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Discussion Starter #1
Clay
Posted - 12/07/2003 : 9:36:52 PM
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I have gotten my third Navy marked Carcano today. I am posting my observations about it.

Model 38 TS
Maker : Beretta (Identified by PB in oval on underside of receiver and bolt root.
Year of mfg: None.
Caliber designation: None marked.(6.5 actual)
Serial G 817.

Import Mark: Made in Italy on barrel.
Navy Marking: Anchor in tang. Circle with a Shield inside with bisecting lines and a diagonal in the upper right quadrant.
The circe/shield marking appears in the stock above the serial. No stock cartouche. It also appears on the bolt root. There are two markings on the left side of the barrel that I cannot decide if what they are. They appear to be a symbol within a circle.

2) I have another 91/28 TS which is defined on the trader. It has the same circle in a shield on the left side of the stock (same position as #1)

3) 91/28 TS Brescia 1934 with clearly stamped anchor on left side of barrel and the shield/circle.

Has anybody else seen similar?



Atlpete
Posted - 12/08/2003 : 1:26:15 PM
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I have a Beretta 91/28 similiarly anchor marked though it's marked both 1934 and fascist dated.



DocAV
Posted - 12/11/2003 : 4:58:14 PM
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I have a M91TS (WW I Mod. bayo band) with a Naval School Stock mark, and a Naval webbing sling (Mills pattern, pre-WW I); NO anchors.



Clay
Posted - 12/12/2003 : 9:36:49 PM
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So..is the shield within the circle marking indicative of naval school?



DMala
Posted - 12/15/2003 : 09:57:25 AM
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Originally posted by Clay
So... is the shield within the circle marking indicative of naval school?
No, it has been found on several Navy weapons (flare guns, TS carbines, Beretta pistols, even anti-aircraft guns), the exact significance is unknown. The numbers or dashes within the quadrants of the shield are different in different samples, so it may be a system indicating different arsenals or units that the weapon was assigned to.



Clay
Posted - 12/15/2003 : 6:01:01 PM
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I figured that it indicated military districts, arsenals, or flotillas. I too have seen this marking on other Navy marked Italian arms. Now I have to go read up on the Italian navy and follow the theory to conclusion.



Clay
Posted - 12/16/2003 : 08:20:40 AM
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Originally posted by Clay
I figured that it indicated military districts, arsenals, or flotillas. I too have seen this marking on other Navy marked Italian arms. Now I have to go read up on the Italian navy and follow the theory to conclusion.
At first I thought that it indicated a property marking but with it appearing on the left side of the barrel, the left side of the butt, and the underside bolt root i am now working on a different idea. Maybe it indicates that the component (stock, barrel, bolt) received some attention from a navy workshop that was part of a system that identified the individual workshop with the shield within a circle symbol.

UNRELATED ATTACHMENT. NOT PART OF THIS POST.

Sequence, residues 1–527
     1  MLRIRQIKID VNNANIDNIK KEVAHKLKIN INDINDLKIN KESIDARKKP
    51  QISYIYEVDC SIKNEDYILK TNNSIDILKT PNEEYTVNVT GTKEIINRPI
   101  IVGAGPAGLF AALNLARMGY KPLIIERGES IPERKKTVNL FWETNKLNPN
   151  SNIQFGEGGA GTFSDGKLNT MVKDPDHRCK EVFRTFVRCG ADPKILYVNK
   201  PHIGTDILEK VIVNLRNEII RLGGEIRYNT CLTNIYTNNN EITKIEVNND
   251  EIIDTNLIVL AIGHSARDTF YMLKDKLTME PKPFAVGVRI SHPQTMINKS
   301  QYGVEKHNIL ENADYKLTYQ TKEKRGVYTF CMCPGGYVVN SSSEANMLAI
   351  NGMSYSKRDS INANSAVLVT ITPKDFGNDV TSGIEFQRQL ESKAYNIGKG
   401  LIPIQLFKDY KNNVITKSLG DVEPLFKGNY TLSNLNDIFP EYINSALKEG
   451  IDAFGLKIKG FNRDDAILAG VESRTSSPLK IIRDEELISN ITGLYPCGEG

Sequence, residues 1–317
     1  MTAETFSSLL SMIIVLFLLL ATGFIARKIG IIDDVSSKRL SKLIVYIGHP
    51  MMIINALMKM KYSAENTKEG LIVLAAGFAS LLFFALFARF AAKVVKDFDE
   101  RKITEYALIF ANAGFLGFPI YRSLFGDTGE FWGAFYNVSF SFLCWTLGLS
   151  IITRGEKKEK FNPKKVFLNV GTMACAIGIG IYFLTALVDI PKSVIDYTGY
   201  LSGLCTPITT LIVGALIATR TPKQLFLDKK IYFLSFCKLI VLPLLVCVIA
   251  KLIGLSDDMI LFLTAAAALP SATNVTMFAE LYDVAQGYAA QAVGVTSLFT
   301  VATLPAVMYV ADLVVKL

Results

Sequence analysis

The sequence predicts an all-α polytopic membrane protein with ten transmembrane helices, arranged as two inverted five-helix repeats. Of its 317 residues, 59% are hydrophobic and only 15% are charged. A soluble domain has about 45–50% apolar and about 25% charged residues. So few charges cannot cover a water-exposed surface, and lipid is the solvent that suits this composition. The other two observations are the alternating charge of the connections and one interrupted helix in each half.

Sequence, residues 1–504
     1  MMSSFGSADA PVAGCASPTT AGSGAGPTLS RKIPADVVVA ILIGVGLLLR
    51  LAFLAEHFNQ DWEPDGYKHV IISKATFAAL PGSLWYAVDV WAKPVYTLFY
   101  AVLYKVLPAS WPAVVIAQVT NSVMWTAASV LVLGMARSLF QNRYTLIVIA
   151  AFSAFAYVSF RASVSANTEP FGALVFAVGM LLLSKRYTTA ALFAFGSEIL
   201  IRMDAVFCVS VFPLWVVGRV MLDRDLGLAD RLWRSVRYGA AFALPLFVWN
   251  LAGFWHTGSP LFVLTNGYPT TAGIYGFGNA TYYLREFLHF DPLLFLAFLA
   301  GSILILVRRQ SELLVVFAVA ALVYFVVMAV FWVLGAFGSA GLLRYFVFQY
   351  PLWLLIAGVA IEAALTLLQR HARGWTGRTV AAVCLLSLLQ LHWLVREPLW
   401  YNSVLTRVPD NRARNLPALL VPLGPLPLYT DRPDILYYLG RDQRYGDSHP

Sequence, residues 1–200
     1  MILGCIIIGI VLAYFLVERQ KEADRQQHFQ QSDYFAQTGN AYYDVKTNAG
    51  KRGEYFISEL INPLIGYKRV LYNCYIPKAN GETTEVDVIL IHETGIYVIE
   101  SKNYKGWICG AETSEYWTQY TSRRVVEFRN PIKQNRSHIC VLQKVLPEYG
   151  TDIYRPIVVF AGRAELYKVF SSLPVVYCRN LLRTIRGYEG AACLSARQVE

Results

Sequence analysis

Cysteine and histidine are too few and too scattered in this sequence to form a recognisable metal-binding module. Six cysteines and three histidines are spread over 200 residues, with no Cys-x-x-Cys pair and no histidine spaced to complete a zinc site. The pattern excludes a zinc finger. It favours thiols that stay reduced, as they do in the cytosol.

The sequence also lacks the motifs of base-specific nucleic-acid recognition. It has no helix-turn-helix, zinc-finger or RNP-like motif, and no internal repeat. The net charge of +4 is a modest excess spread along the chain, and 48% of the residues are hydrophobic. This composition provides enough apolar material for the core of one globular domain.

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Discussion Starter #2
Doc AV: Naval TS Carcano & Sling Like Yours

War is Peace
Posted - 09/07/2004 : 9:58:03 PM
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Doc:

In a previous post you wrote:

"I have a M1928 TS with the shield on the stock (the four quadrants of the shield represent the four ancient maritime republics of Italy
(Venice, Genoa, Pisa and Amalfi)); The clincher is the Naval issue Sling, which is webbing on the style of the British Mills pattern ( sliding hooks to keep the sling in place) but of a lighter weight weave.
I have not noticed any anchors or other "Naval" marks. The sling had been on issue from before WW I, as was other Mills pattern webbing in the Italian Navy.
Regards, Doc AV"
Here's a photo of an example in my collection that sounds similar to the piece you described:

http://old.gunboards.com/uploaded/war is peace/200497215327_Beretta-wide sling.jpg
Download Attachment:
129.77 KB

http://old.gunboards.com/uploaded/war is peace/200497215429_Beretta-wide sling2.jpg
Download Attachment:
200.79 KB

PS: Thanks for your always interesting and informative posts.



Clay
Posted - 09/09/2004 : 08:19:16 AM
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That is the NICEST Navy carbine that I have ever seen.
VERY Nice!
Clay
 

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Discussion Starter #3
Navy Markings on 91/28 TS and M38 TS carbines

Clay
Posted - 08/30/2004 : 11:38:28 AM
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On 2 91/28 TS carbines and 2 M38 TS carbines that I have owned I have observed both Anchor markings AND a shield within a circle. The shield within a circle has appeared on the left side of the buttstock, the left side of the receiver, and the bolt root. I presume that while the anchor denotes navy the shield within the circle denotes fleet or unit. The variations of this stamp that I have observed are as follows

1) M38 TS carbine No maker mark. # G817 (presume Beretta 1943?) with the shield marking clear on the bolt root. The circle adn shield are "lines" with a cross inside made by two "lines" and a diagonal line in the upper right hand quadrant.

2) M38 TS Beretta 1941 # E 7261 with a poorly stamped marking on the left side of the barrel. I cannot make it out but presume it to be an anchor. The stamp on the buttstock is clearer with a circle (single line), a shield (single line) and a cross (double line) but stamped lightly enough that you cannot tell with is in the lower two quadrants. The upper two quadrants have markings which resemble sigrunen. Or at least horizontal dashes. It is sooo light. One in each.

Has anyone else observed these markings? Comments please?



Carcano
Posted - 08/30/2004 : 12:42:47 PM
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David Franchi should be the resident expert for this question.



DocAV
Posted - 08/31/2004 : 10:49:55 AM
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I have a M1928 TS with the shield on the stock (the four quadrants of the shield represent the four ancient maritime republics of Italy